That’s not actually true. I am writing a book now that I’ve been working on for a better part of a decade. But after that I won’t have any more ideas. That will be it.
I’ll also tell you about my secret writing project. I have a secret writing project. So every few years, I realize everything I thought was wrong, and I choose to reinvent myself. So if you had asked me five years ago what I thought about people who wrote genre work, I would’ve said it was a waste of one’s talent and time. I’ve entirely changed my mind. My secret project: I want to write a thriller, a mystery, a page-turner. Here’s why: I’ve realized it is very difficult. It’s very, very hard to entertain people.
Rumpus: What’s the hardest part for you?
Wu: Well, I’ve written six chapters of a bad trashy novel. What I’ve written, nobody’s gonna want to read. My sentences are too long. It’s sort of Baroque. There are giant run-on sentences with allusions to Dante and the Italian rhyming scheme he uses that can’t be done in English.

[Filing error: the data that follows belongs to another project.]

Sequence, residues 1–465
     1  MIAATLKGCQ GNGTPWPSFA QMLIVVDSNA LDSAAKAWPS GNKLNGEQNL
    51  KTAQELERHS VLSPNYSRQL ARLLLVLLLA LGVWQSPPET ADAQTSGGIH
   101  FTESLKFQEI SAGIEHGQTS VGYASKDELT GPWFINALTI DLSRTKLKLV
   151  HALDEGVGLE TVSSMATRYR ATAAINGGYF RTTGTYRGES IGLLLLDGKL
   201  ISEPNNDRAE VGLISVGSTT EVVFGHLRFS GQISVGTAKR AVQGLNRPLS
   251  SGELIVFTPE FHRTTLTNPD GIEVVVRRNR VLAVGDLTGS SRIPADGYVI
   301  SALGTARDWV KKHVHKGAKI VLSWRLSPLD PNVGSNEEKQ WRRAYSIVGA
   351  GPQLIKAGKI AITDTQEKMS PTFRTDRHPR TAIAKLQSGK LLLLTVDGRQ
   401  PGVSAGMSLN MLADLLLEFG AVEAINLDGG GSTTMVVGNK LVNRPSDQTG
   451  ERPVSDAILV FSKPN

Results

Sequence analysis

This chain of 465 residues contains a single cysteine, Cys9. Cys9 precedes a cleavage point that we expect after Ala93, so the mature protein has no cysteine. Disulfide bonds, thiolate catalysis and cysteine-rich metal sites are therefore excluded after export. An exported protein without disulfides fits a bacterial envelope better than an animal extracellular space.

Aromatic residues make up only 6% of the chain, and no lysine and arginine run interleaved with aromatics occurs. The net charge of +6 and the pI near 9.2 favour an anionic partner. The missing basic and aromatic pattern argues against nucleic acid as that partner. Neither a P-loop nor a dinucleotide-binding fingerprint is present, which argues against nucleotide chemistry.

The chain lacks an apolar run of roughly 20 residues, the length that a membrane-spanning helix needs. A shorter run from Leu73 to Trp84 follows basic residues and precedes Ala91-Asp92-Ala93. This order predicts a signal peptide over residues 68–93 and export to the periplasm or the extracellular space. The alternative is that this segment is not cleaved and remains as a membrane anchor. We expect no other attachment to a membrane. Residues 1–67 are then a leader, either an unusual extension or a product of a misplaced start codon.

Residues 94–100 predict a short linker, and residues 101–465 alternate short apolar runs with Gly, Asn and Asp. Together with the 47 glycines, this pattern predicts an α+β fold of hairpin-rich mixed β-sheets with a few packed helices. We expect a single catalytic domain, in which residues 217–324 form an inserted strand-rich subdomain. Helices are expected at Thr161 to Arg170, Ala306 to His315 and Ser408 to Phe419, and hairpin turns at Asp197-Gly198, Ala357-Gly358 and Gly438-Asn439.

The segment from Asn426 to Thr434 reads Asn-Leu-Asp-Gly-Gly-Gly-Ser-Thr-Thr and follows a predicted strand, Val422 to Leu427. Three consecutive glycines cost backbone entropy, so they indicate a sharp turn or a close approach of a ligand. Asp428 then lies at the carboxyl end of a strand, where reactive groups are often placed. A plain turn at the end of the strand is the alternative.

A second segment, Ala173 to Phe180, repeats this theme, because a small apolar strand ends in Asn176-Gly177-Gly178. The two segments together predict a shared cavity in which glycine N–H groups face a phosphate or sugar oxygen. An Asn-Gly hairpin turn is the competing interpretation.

Rumpus: Are you gonna dumb it down a little bit?
Wu: This is another way in which I’ve changed. I grew up as a classic Asian American nerdy kid. For the past five years, I’ve been working out at a gym. I told my trainer I’d like to be intimidatingly large.
Wu: My trainer had exactly that reaction. So I now go and pump iron at six a.m., three to four times a week.
Rumpus: How much can you lift?
Wu: I can bench about 185 pounds, which is not bad.
Rumpus: So tell me about the main book you’re working on now.
Wu: It’s about the Vincent Chin case and the book is very problematic. Let me tell you the story about Vincent Chin, and I’ll tell you the two problems about writing this book. Vincent Chin is a twenty-seven-year-old Chinese-American man in Detroit in 1982. If he were white, he’d be a “good ol’ boy,” but he’s just a guy. He didn’t set out to be a civil rights martyr. He’s not the model minority; he’s a college dropout, drinks too much, drives too fast, flirts with too many women, loud, boisterous. But he’s sociable, gregarious, and well-known. Just a guy.